As explained in Appendix E, both the Crown and government lands were set apart from the lands under the exclusive control of the king at the time of the Great Mahele. Under the monarchy, the government lands were dedicated to public purposes. The instrument by which Kamehameha III conveyed the lands that would eventually become known as "government lands" stated, with respect to the lands conveyed, that:

These lands are to be in the perpetual keeping of the Legislative Council (Nobles and Representatives) or in that of the superintendents of said lands, appointed by them from time to time, and shall be regulated, leased, or sold, in accordance with the will of said Nobles and Representatives, for the good of the Hawaiian Government, and to promote the dignity of the Hawaiian Crown.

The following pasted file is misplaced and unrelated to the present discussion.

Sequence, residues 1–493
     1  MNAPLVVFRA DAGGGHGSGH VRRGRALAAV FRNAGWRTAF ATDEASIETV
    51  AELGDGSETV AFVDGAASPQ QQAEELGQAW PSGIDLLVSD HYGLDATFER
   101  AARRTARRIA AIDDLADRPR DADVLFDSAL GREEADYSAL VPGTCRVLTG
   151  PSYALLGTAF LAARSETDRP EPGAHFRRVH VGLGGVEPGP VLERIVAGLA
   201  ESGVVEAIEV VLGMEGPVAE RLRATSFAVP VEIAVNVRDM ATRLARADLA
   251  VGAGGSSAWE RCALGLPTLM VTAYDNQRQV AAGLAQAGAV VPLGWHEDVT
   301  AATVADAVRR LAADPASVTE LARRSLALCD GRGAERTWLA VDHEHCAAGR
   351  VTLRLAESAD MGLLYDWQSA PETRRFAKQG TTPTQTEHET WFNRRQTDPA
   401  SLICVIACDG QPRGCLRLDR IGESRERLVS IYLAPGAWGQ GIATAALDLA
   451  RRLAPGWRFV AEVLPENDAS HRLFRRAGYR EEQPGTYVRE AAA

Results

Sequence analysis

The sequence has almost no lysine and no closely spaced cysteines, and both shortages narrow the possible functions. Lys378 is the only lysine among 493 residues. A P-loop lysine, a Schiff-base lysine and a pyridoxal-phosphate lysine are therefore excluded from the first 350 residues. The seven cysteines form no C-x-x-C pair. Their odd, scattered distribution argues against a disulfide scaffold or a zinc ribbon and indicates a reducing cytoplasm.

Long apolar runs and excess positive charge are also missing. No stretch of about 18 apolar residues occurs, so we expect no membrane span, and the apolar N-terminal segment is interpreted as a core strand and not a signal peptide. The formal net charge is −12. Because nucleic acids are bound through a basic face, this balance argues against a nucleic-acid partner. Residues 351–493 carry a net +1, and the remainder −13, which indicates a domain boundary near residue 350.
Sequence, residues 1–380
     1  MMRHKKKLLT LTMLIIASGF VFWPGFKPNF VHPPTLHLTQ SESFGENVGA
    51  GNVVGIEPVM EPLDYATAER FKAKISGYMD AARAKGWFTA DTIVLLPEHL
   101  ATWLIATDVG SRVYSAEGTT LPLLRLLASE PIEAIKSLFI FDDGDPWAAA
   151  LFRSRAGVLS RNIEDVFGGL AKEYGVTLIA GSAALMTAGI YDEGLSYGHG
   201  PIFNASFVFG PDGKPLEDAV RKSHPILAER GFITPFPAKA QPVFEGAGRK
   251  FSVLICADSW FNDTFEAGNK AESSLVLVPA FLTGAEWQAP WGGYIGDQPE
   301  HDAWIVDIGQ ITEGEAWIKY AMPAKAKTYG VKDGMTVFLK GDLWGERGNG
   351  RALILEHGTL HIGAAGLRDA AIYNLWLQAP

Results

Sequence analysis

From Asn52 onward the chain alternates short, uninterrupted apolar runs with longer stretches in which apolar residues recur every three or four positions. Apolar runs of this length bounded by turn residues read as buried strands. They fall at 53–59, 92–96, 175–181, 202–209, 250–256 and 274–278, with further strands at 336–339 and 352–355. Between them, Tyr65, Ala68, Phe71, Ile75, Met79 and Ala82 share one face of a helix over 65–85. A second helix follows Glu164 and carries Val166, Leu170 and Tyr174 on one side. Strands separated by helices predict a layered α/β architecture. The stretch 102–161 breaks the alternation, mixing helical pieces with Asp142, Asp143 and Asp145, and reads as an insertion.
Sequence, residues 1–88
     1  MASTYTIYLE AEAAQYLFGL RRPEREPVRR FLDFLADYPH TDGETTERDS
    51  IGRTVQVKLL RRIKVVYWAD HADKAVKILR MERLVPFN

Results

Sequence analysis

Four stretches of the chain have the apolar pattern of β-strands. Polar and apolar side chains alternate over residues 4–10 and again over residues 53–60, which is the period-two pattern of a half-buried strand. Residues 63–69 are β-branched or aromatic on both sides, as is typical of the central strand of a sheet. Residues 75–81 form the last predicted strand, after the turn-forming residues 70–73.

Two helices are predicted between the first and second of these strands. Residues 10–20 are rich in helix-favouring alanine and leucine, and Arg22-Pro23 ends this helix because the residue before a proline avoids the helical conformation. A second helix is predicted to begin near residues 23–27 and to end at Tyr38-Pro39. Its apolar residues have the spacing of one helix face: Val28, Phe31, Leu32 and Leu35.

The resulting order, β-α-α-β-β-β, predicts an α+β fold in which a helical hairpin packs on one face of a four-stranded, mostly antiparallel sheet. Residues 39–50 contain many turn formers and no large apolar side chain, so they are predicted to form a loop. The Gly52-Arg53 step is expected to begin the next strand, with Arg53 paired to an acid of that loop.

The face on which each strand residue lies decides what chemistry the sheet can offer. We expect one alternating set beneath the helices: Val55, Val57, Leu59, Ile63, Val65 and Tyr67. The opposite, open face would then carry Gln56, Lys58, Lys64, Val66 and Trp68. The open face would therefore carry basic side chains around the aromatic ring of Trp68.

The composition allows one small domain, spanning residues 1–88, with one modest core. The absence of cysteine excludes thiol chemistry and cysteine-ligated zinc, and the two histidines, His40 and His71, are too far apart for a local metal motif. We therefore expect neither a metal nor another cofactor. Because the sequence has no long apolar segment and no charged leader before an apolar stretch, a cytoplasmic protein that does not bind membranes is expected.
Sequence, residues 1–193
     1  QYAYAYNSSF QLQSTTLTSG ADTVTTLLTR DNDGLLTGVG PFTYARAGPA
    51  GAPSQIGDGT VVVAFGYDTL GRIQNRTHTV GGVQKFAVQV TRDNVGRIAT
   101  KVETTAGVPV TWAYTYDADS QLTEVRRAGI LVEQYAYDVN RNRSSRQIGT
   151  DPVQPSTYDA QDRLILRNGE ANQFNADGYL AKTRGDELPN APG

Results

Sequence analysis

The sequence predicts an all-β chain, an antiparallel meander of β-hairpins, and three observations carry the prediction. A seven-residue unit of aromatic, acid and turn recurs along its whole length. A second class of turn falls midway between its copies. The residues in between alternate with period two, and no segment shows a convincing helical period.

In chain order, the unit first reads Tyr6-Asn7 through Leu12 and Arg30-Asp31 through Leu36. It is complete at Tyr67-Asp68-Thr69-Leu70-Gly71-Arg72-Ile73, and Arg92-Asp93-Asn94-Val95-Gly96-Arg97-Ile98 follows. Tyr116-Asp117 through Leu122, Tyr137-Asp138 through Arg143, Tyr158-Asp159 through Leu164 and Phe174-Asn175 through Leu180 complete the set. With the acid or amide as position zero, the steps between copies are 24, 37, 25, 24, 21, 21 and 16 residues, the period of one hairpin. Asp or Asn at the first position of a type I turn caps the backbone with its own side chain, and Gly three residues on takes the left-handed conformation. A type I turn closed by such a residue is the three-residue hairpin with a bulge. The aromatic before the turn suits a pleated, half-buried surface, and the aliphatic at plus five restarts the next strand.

The Crown lands were intended for the support of the king in what might be called his official capacity. Any doubt on this point was resolved in 1865, when legislation was enacted making the Crown lands inalienable and forbidding leases for more than 30 years. The preamble to this legislation, after noting the history of the Crown Lands, stated:

And whereas, the history of the lands shows that they were vested in the King for the purpose of maintaining the Royal State and Dignity; and it is therefore disadvantageous to the public interest, that the lands should be alienated, or the said Royal Domain diminished. And whereas, further, during the two late reigns, the said Royal Domain has been greatly diminished, and is now charged with mortgages to secure considerable sums of money; now therefore,